I'm currently running between 45-50 miles per week. I've got kind of a split personality when it comes to training - sometimes I'm really focused and follow a strict training plan and other times I'm just putting in the miles so that I know I can finish the marathon without injuring myself. Up to this point training for Olympia has been pretty relaxed - that will all change a week from Monday when I get serious about training for the Gay Games Marathon this summer in Cologne.

 Like many runners I've got a lifetime goal to quality for the Boston Marathon. At 46 I've got to complete a marathon in 3:30 to make it. The closet I've come is 3:42:53 in the San Diego Rock n' Roll Marathon followed by the New York Marathon at 3:46:23. Both of these were marathons that I put in some strenuous training, made adjustments to my diet and crossed trained. So now that I've got a good base of miles built up, starting on 4/19/10 I'll begin the serious plan for the 16 weeks leading up to the Gay Games. What's the difference between just putting in the miles and serious training you ask - well like I said up to this point I'm just putting in miles - not the greatest way to improve my speed but it gives me a good base of miles to start the serious training, keeps my weight down, keeps me from getting running related injuries and gives me the confidence I need to complete the marathon.

Serious training on the other hand means I track what I eat, give up certain foods, no alcohol, cross train and follow a running plan where each and every run has a specific purpose - not just putting in the miles. What does it mean to run with purpose? Depending on the day of the week, I'll do tempo runs (slow, fast, slow), speed work, hills and hill repeats, track workouts and long runs. I enjoy the regimen and structure that come with serious training but it is tiring and I've injured myself pushing too hard and increasing my speed to quickly.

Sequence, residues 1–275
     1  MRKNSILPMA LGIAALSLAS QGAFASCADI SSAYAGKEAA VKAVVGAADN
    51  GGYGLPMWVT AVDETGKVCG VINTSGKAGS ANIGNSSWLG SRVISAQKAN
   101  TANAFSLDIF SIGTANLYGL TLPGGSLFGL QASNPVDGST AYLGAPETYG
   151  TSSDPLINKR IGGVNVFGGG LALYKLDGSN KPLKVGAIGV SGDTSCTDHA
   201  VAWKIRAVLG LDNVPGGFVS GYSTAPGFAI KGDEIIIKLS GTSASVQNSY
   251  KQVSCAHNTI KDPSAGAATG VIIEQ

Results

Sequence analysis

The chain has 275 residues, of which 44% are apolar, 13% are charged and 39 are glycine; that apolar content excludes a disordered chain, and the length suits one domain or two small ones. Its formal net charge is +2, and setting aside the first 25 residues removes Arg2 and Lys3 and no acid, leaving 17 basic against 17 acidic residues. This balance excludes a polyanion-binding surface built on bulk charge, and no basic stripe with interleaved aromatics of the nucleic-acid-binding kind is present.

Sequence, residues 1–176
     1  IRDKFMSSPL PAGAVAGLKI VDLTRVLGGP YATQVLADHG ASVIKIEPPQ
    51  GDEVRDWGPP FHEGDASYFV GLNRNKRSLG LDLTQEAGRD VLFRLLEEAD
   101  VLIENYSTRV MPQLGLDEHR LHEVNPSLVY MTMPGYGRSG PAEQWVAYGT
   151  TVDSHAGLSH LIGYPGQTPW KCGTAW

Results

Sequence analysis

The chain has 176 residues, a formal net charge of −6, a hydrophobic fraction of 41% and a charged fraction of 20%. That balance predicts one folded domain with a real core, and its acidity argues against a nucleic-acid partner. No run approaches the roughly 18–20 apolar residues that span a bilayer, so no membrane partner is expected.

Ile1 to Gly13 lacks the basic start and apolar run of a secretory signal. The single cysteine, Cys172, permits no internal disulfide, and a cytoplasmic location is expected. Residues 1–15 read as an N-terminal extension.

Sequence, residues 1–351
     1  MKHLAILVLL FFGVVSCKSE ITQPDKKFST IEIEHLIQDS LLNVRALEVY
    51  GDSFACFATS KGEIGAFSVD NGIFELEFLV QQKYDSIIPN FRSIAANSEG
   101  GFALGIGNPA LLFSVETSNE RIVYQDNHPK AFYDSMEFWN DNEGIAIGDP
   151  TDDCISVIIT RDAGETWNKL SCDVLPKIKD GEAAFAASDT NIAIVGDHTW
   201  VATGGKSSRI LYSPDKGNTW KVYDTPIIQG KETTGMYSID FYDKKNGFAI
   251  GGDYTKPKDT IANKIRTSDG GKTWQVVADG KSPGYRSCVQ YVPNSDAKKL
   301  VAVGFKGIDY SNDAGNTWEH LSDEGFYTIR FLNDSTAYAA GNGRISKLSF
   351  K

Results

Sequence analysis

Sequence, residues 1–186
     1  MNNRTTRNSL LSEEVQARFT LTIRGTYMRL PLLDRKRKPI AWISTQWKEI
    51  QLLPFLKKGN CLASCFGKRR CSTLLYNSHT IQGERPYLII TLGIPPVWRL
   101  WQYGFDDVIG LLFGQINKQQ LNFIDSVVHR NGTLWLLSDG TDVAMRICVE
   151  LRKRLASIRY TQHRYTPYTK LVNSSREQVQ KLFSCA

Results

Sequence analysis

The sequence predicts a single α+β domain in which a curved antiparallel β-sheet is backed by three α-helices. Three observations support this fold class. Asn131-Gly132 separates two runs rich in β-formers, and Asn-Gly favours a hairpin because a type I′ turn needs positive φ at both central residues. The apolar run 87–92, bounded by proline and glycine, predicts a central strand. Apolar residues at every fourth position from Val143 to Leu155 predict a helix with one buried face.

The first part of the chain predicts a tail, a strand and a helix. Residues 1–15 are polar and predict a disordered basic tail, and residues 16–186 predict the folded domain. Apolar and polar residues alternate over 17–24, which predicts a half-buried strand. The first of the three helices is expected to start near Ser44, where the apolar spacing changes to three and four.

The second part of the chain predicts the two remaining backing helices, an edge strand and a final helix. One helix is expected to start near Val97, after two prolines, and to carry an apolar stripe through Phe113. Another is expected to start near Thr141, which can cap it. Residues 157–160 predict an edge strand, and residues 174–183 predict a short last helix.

My plan is to blog at least weekly about the training that I am doing and to log my progress in the blog and to discuss the various aspects of doing like I've done and basically move from couch potato to running marathons. I hope to inspire you to get out and go for a little run yourself!
Thanks for the comments on the new look to the blog - I have to say that I'm not totally satisfied and will probably keep making changes at least until I get bored with it.

I thought I would leave you with this video on the gay games - enjoy!

Have a great week - more running posts than you can count will be occurring over the next several months!

Later -


Saturday, April 10, 2010

Messing Around

As you can tell for the last couple weeks I've been playing around with the style of my blog. The challenge I have is that the idea behind my blog is more of a journal than a topic specific site. It's called Ground Cover because I have varied interests and cover various topics - makes it a challenge to find an audience beyond family and friends. One time you visit and I'm writing about Husky sports (more than one of my gay friends have said - "I stopped looking because every time I visited it was about sports"). Next time you check in I'm talking about gardening, then cooking, running, gay rights, travel - you get the point.